What the mainstream media doesn’t tell you about autism

Now, most of you probably think you have a general idea of what autism is. While some of you may know someone who has autism, others may have only seen autisitc people portrayed in movies and on television, most notably in the 1988 film “Rain Man.” If you’re part of the latter group, your assumptions about autism are likely based on what you’ve seen portrayed — which is a huge problem because, more often than not, autistic people in the media are portrayed as one type of person: a person who has little to no social skills; a person who feels the need to stick to some sort of strict schedule; a person who has all of these special abilities and interests; and lastly, a person who will never overcome most of their struggles.

Well, what if I told you that there are many autisitc people who display little to none of the characteristics commonly displayed in the media? It is also worth noting that these people still feel as though they are underrepresented in the media. I know this because I am one of those underrepresented people.

As someone who is on the autism spectrum, it frustrates me to see that almost every portrayal of autism in the media largely does not relate to my own experiences. While some of the characteristics displayed in the media are definitely true for many autisitc people I have encountered throughout my life, what the media fails to understand is that people who are autistic are not all the same. People on the autism spectrum can range from those who have adequate social skills and can lead relatively independent lives to those who are totally dependent on the care of another person and can’t even utter a single word. As you can probably guess, I am in the former category.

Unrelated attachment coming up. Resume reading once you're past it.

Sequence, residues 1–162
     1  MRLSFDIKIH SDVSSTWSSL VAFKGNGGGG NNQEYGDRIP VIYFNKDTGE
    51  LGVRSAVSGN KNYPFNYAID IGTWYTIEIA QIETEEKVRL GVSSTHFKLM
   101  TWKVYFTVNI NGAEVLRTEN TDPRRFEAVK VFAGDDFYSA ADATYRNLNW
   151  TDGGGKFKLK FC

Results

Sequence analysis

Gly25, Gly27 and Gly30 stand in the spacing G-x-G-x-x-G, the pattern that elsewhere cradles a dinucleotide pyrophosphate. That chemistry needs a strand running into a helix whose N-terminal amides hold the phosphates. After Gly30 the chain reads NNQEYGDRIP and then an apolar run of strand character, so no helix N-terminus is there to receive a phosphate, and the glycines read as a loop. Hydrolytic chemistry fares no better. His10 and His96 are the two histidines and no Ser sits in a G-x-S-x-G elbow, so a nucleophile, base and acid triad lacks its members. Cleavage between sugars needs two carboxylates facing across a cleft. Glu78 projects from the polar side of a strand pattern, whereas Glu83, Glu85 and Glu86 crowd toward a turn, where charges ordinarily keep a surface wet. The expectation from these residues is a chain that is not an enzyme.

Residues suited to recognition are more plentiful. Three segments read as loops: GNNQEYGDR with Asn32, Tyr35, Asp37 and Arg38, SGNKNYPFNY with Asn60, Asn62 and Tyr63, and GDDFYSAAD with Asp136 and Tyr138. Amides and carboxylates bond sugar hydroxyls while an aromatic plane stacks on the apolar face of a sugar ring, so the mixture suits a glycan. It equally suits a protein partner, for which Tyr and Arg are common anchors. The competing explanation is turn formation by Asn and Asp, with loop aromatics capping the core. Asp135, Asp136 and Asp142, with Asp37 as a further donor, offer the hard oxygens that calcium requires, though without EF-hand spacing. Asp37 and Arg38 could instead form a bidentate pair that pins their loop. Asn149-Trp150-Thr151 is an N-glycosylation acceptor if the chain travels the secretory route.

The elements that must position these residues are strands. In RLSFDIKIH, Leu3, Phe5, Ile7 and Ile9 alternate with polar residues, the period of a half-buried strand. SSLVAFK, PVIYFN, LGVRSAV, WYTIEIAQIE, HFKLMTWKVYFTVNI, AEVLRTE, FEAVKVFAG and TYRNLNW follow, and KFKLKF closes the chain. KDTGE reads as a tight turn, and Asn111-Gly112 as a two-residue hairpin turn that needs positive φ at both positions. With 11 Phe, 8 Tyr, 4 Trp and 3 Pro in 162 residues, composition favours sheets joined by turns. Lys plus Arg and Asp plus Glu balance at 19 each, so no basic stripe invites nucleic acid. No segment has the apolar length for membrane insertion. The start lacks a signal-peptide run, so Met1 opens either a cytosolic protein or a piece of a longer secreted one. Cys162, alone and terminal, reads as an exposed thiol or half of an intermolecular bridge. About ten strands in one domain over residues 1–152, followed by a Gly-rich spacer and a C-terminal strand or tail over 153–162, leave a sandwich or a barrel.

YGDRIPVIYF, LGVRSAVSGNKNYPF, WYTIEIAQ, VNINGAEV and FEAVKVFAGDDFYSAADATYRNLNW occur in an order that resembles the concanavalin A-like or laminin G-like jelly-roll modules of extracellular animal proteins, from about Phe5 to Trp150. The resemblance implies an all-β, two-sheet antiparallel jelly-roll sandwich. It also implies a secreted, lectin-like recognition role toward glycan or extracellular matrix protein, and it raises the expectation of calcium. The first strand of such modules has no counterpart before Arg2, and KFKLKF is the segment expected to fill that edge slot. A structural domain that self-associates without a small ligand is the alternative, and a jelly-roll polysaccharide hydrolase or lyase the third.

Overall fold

Now, that doesn’t necessarily mean that I haven’t had my fair share of struggles, especially when I was younger. Throughout my primary and secondary school years, I always needed extra help when it came to many school-related tasks. I also had terrible social skills, and because of this it was very difficult for me to make or even maintain close friendships. However, I have made great strides since then. For one thing, I gradually took control of my own schoolwork as time went on, leading me to not even need assistance from my special education teachers by my senior year of high school. And my social skills, while still far from perfect, have also dramatically improved, and I now have some of the greatest friends that anyone can ever ask for! My life has improved so much in the past few years that it has gotten to a point where my struggles with autism are no longer an everyday occurrence.

I am proud of how far I have come since I was a kid, and consider the strides I’ve made to be my greatest accomplishment in life. However, it saddens me that the media doesn’t try to focus on people like myself who worked so hard to beat the odds of their disability. And that needs to change. You can help propel that change by educating yourself about autism as much as you can so that you can have a better understanding of why some autistic people share characteristics with Dustin Hoffman’s character from “Rain Man” and why others do not.